Ivia ya Nzambani (Nzambani Rock), an imposing outcrop standing tall on the fringes of Kitui Town, is one of the most outstanding physical features in Kitui County.
Age old mystery surrounding the rock which towers above the many buildings dotting the vibrant town, inspires awe among visitors. A local family has tapped on the mystery around the rock to carve a rock climbing and camping business.
Tucked in a forested corner of Nzambani Village, Nzambani Rock Sanctuary is a beehive of activity. Tourists sample assorted foods which are served at a state of the ‘art’ restaurant on site.
There is also a bar located at the base of the rock where parents can unwind as their children play in a nearby playground, though the 183-metre high iconic rock remains the main attraction.Some 100 students and a handful of their teachers were among those touring the facility when the Powering SMEs team visited.
“In addition to scaling Nzambi Rock to unwind, our students benefit from the oral literature lessons given on site,” says William Mwangangi, a teacher of English at Kiluva Secondary School, referring to tales about the origin of the rock as told by Mzee Kajiwe Musyoka, 59, a standby historian.
One of the most enduring myths associated with Nzambani Rock revolves around sex change. It is believed that when a person goes around the rock seven times in an anti-clockwise direction, their sex changes.
Visitors are awestruck as Mzee Musyoka regales them with a tale passed down generations of how an adventure in the forest by a girl who was fetching firewood in the forest led to the emergence of the rock.
“The girl known as Nzamba picked an attractive stone as she was collecting firewood alongside her two friends. She decided to take it home to her father for grinding snuff.
She raised an alarm when the stone stuck to her body and started to grow. Her friends were unable to disentangle the stone from Nzamba’s body. Shaken, they rushed home and reported the bizarre incident.
The entire neighborhood was shocked on learning Nzamba had turned to a rock” he narrates.Over the years, the rock became a shrine where local elders offered sacrifices. The sex change theory, according to Mzee Musyoka, traces its roots to the 1850s when Dr Ludwig Krapf, a European missionary, toured the region alongside Chief Kivoi, a long distant trader.
A feud emerged between the missionary and locals after the guide died in mysterious circumstances. The missionary escaped the wrath of locals baying for his blood by hiding in Nzambani Rock forest.
To the shock of those who were pursing him, he emerged from the forest dressed like a woman. The locals strongly believed that he had changed from a man to a woman, Mr Musyoka explained.
Although no one has come out to confess a sex change as a result of going round the rock, Ivia ya Nzambani has continued to draw curious visitors in droves.
The biggest clients are youth groups who drive mainly from Nairobi. They often hike the rock and camp at the site during public holidays, activities they post on social media, leading to more visitor. Family picnicsOver the weekends, Nzambani Rock mainly hosts family picnics. Students from local schools as well as those in neighbouring counties keep the address busy on weekdays.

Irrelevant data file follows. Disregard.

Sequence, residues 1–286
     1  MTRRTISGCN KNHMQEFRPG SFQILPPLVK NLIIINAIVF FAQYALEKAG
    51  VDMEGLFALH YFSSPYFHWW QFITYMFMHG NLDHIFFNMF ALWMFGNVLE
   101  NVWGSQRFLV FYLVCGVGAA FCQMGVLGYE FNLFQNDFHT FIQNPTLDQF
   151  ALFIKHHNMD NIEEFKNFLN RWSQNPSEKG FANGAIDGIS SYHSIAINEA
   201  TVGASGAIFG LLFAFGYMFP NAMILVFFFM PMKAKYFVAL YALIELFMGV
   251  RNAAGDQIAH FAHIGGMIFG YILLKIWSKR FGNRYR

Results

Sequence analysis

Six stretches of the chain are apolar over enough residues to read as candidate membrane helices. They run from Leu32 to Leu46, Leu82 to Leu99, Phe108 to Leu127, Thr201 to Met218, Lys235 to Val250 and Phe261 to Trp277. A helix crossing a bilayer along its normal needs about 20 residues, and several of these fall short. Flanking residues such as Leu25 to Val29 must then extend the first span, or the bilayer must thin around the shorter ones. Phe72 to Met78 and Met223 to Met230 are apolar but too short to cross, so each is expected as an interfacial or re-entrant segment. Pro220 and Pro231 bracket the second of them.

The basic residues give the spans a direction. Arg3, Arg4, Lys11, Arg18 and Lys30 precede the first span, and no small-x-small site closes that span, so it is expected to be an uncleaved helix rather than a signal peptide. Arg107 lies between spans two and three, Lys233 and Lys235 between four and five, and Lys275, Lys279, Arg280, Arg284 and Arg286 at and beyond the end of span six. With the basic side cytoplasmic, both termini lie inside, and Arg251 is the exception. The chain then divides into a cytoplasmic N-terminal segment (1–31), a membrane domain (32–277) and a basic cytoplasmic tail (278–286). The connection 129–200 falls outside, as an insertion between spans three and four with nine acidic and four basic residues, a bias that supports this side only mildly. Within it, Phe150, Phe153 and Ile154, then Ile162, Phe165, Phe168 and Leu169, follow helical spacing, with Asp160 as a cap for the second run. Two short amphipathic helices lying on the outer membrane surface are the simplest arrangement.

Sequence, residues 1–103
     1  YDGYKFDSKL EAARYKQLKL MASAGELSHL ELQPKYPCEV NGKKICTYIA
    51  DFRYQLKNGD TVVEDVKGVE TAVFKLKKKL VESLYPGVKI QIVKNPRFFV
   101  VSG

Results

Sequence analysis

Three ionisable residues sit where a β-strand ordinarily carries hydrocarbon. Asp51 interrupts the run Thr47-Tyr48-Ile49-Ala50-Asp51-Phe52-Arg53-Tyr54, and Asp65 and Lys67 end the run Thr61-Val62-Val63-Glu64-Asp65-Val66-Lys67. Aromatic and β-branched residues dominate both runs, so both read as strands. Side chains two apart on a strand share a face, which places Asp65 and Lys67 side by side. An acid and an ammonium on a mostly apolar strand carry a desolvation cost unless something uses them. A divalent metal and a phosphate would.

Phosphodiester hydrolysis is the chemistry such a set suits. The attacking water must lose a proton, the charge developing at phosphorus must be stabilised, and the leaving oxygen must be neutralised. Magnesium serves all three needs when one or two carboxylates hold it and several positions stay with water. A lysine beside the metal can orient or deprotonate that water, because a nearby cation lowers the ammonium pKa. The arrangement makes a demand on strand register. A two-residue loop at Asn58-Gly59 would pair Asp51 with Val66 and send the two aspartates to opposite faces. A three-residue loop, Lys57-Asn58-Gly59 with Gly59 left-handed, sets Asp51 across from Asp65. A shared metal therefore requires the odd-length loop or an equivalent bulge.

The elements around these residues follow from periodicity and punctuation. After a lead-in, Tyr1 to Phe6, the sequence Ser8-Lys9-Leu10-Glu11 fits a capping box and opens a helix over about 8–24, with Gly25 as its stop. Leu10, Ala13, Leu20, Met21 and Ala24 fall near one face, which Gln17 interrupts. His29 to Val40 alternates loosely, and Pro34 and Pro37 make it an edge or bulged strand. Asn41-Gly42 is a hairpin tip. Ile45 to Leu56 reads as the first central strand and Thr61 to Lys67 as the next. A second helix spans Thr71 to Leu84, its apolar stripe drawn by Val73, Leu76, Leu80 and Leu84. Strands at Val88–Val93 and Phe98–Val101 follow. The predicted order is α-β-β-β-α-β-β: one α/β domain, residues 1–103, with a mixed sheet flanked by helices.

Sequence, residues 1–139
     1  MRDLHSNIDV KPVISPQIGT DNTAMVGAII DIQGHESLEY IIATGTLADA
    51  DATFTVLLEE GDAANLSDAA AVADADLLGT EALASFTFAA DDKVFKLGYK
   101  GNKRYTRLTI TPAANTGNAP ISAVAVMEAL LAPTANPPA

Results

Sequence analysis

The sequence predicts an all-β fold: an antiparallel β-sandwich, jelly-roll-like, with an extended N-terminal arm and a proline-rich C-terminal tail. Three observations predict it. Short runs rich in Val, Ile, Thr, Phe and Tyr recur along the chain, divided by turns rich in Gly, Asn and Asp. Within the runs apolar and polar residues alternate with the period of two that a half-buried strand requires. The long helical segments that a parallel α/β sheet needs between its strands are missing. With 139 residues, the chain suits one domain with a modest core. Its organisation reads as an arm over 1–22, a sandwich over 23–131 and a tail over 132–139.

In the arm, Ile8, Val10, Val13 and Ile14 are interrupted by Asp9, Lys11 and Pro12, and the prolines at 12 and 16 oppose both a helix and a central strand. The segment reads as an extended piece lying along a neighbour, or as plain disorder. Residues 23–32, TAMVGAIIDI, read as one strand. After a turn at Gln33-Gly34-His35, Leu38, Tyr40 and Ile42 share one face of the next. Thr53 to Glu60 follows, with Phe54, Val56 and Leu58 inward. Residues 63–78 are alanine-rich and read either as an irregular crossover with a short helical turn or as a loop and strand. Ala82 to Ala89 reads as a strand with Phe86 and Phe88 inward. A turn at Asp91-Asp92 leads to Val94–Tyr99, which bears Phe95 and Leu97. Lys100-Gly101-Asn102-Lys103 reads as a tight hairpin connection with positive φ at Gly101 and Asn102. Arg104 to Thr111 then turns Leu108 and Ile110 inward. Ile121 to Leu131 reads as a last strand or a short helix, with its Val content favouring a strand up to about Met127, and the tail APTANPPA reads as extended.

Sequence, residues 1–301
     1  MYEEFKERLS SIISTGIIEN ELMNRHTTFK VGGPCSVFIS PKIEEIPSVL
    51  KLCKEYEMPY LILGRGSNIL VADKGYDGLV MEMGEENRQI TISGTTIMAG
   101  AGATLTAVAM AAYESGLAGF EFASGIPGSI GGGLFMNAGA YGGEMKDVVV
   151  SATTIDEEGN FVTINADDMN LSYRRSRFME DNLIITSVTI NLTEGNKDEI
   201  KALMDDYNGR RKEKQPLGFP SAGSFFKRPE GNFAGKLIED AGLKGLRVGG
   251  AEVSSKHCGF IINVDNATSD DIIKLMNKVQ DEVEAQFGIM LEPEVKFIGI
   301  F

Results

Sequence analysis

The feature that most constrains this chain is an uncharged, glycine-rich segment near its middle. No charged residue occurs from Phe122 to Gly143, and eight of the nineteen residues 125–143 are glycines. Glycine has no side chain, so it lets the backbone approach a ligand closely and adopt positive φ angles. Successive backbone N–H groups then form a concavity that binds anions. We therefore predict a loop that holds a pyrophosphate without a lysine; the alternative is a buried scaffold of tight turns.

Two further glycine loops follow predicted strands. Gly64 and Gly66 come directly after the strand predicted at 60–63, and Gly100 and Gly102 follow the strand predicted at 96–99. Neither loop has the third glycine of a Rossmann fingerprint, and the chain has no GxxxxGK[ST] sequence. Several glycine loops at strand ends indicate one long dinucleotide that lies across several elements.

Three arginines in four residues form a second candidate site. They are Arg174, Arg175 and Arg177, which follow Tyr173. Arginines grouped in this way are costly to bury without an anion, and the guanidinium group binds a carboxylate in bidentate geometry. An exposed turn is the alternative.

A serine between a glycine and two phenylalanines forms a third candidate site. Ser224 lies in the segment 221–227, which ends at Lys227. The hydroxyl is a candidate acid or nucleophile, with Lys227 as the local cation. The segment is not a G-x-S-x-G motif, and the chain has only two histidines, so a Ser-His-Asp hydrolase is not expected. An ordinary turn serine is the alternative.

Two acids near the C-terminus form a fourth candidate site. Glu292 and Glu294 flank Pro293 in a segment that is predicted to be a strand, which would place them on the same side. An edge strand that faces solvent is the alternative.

An adult pays Sh200 to scale the rock while a child pays Sh100. Beverages and food are charged separately.
To avert possible accidents, the facility does not allow tourists to take beer before embarking on the rock climbing expedition.
“Many of our clients admit that they are drawn by the narrative that going around the rock seven times in an anti-clockwise direction results to a sex change, but curiously, only a handful of the visitors show interest in going round the rock.It takes around 45 minutes to go round the rock once. No one goes beyond two times. Many tourists are only interested in climbing the rock and enjoying meals,” says Mumo Mwendwa, who runs the facility on behalf of the family of the late Kyale Mwendwa, a former politician and Moi-era minister.
Mwendwa says that Ivia ya Nzambani sanctuary was his mother’s idea.
Besides being an advocate for women rights, Susan Nthenya was actively involved in promoting the modern day Kitui County as a tourism destination.She strongly believed tourism as an unmatched potential in developing the countryside through creating employment opportunities and drawing investors.
This is how she came up with the idea of promoting Nzambani Rock as a tourist attraction.The first project, which she undertook in 1999, was setting up a metallic staircase to allow tourists to climb the rock. She also purchased some pieces of land around the base of Nzambani Rock.
In 2004, according to Mwendwa, she received a 99-year lease for Nzambani rock from the government. Work on the project started in 2019, 14 years after she died.Mwendwa plans to set up a hotel at the foot of the rock.
The facility, he says, is designed to have fully furnished guest rooms and a swimming pool. The plan also entails setting up a botanical garden.